Persistent hearing loss among world trade center health registry residents, passersby and area workers, 2006–2007

James E. Cone, Cheryl R. Stein, David J. Lee, Gregory A. Flamme, Jennifer Brite

Research output: Contribution to journalArticlepeer-review

1 Scopus citations


Background: Prior studies have found that rescue and recovery workers exposed to the 9/11 World Trade Center (WTC) disaster have evidence of increased persistent hearing and other ear-related problems. The potential association between WTC disaster exposures and post-9/11 persistent self-reported hearing problems or loss among non-rescue and recovery survivors has not been well studied. Methods: We used responses to the World Trade Center Health Registry (Registry) enrollment survey (2003–2004) and first follow-up survey (2006–2007) to model the association between exposure to the dust cloud and persistent hearing loss (n = 22,741). Results: The prevalence of post-9/11 persistent hearing loss among survivors was 2.2%. The adjusted odds ratio (aOR) of hearing loss for those who were in the dust cloud and unable to hear was 3.0 (95% CI: 2.2, 4.0). Survivors with persistent sinus problems, headaches, PTSD and chronic disease histories had an increased prevalence of reported hearing problems compared to those without symptoms or chronic problems. Conclusions: In a longitudinal study, we observed an association between WTC-related exposures and post-9/11 self-reported hearing loss among disaster survivors.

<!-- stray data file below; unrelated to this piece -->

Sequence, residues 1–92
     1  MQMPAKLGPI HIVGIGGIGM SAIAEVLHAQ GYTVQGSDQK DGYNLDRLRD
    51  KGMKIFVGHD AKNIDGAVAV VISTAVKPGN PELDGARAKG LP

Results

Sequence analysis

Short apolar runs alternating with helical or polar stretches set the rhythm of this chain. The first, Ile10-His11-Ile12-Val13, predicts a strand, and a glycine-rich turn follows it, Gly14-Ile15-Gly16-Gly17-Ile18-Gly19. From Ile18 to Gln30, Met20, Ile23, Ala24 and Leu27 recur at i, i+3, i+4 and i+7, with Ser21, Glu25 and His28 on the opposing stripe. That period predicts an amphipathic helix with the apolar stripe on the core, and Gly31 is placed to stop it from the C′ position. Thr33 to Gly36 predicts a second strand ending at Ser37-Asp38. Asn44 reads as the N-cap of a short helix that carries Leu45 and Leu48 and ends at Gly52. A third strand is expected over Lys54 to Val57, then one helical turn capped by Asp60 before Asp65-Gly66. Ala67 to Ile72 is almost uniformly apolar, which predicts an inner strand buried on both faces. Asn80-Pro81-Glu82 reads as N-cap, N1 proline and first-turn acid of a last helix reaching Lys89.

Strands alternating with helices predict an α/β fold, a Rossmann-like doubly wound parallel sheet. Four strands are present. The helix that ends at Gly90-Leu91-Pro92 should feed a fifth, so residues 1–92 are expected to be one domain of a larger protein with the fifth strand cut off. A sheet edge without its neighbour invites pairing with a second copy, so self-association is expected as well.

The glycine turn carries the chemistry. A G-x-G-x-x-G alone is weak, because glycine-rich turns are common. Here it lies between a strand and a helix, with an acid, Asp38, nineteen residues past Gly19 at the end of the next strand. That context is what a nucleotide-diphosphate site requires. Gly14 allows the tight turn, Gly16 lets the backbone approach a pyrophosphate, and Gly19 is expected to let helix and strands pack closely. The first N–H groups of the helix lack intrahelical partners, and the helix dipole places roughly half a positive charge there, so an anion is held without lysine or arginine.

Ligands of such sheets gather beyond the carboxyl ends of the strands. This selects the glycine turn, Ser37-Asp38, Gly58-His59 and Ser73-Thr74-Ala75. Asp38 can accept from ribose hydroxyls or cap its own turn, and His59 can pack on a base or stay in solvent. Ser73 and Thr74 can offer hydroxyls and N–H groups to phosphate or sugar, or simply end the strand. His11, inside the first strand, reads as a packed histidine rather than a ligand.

Original languageEnglish (US)
Article number3864
JournalInternational journal of environmental research and public health
Issue number20
StatePublished - Oct 2 2019


  • Dust
  • Hearing loss
  • World trade center disaster

ASJC Scopus subject areas

  • Public Health, Environmental and Occupational Health
  • Health, Toxicology and Mutagenesis


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